While enjoying some research about the Schuylkill Navigation in Philadelphia – better known as the Manayunk Canal – I came across this wonderful map at the Library of Congress. Manayunk is a wonderful 18-19th century mill town on the Schuylkill river. To further illustrate this magical place, I give you a wonderful excerpt on the Millworker’s fever of 1821 in Manayunk, taken from a book titled Early History of the Falls of Schuylkill, Manayunk, Schuylkill and Lehigh Navigation Companies, Fairmount Waterworks, etc. by Charles Valerius Hagner, an early industrialist of the area, published in 1869(!)
“… He retreated, with his family, to Germantown, and I fled to the Leverington Hotel on the Ridge Road; not, however until the disease had taken fast hold of me; and I served a regular apprenticeship to it, off and on, for some three or four years. At that time there was a race of men in existence, employed in the woollen manufactories, who have since become entirely extinct. They came from England. Their business was to shear cloth with an immense pair of shears from three to five feet long. They were shortly after superseded by the invention of the cloth-shearing machines now in use. They were biped animals certainly, but stupidly ignorant. They had been accustomed from youth up to handle these cloth shears, which they did well; beyond that they did not appear to have a single idea, except drinking porter, which they did by wholesale.
Those kind of workmen were very much wanted at that time and hard to be got. Captain Towers and the Prestons obtained five or six of them from Yorkshire, England. They arrived here in the extreme warm weather, clothed in the thickest kind of woollen garments, woollen stockings, &c. They were all remarkably large stout men of fine healthy color and appearance, but one month’s residence at Manayunk was quite sufficient to “use them up;” any person who had seen them at the beginning of the month and again at the end of it, would be almost ready to swear they were not the same party. All their fine rosy color had vanished, and they became miserable, cadaverous, melancholy looking objects.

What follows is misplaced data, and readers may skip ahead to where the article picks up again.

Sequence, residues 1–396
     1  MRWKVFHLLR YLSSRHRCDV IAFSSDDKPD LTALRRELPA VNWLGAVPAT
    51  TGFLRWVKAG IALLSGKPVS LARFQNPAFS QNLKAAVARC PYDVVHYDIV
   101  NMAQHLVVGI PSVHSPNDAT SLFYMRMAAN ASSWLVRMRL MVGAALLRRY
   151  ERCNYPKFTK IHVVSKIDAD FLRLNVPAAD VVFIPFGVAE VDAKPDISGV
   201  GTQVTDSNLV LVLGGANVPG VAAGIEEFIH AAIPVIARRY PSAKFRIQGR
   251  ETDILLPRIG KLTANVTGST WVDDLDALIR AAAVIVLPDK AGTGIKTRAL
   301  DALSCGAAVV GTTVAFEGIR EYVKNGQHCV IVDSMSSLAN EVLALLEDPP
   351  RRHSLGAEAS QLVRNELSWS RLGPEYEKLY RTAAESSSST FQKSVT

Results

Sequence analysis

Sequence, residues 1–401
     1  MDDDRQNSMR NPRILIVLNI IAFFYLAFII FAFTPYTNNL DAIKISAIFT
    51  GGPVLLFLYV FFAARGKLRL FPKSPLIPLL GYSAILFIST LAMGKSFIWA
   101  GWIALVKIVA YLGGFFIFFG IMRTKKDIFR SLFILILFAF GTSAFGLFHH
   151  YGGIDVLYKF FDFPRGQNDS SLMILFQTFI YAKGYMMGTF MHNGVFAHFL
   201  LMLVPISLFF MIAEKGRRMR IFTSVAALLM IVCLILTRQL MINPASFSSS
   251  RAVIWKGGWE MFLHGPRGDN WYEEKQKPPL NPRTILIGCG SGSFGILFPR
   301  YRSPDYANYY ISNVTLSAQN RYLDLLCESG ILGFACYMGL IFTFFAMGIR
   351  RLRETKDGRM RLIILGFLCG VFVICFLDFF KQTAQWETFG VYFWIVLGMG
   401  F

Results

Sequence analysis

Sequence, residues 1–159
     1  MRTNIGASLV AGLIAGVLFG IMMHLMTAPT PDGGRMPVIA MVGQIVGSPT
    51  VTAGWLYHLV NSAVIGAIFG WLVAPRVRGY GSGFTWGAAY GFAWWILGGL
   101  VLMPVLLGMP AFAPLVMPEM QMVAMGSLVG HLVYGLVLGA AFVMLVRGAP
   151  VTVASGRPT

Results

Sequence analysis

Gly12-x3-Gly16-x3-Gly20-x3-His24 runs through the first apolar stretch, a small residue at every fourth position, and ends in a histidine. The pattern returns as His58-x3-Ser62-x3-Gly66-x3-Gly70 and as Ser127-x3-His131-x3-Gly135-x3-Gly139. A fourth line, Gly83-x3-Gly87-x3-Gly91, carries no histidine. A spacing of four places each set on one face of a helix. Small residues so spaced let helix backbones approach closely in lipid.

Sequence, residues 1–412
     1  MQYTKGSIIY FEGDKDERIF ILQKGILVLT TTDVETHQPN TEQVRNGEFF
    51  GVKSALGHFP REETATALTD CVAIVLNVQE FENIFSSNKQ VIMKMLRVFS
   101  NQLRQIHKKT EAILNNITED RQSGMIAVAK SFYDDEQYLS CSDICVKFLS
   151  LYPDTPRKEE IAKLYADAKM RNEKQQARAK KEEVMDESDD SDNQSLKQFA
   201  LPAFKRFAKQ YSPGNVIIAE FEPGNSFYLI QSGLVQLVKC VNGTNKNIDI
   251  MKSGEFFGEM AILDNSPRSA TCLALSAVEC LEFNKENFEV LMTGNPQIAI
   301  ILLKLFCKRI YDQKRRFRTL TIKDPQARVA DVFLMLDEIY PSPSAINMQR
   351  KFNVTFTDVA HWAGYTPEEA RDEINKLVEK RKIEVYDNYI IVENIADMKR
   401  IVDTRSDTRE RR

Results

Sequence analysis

From sheer ignorance and stupidity two of them lost their lives. One, when in the hot stage of the disease, to cool himself went into a damp cellar, stripped himself, and lay on his back on the damp ground. There happened to be a jug of buttermilk within his reach, he drank it and was a corpse in a very short time. Another got an idea that it required something powerfully strong to kill the disease; he procured a pint of horseradish and cider which he swallowed at one gulp. It threw him into convulsions and he died.
With a few such exceptions as these the disease was rarely fatal; on the contrary, often the subject of mirth. It was quite a common affair to see half a dozen at a time around Silas Levering’s stove in the bar-room of his hotel, all shaking at the same time, others looking on quizzing and laughing at them; and more than once have I seen the tables turned, and the merry ones obliged to take their turn at the stove and be laughed at.”
A note about the wonderful hand-painted map (see link HERE); the view is taken from southeast, the hilltop in Lower Merion (height exaggerated), part of the original Welsh Tract sold by William Penn to Quaker settlers in 1683. Look here again for a future story on a particularly interesting site in Lower Merion called the Pencoyd Iron Works, the smokestacks seen along the river in the foreground of the painting.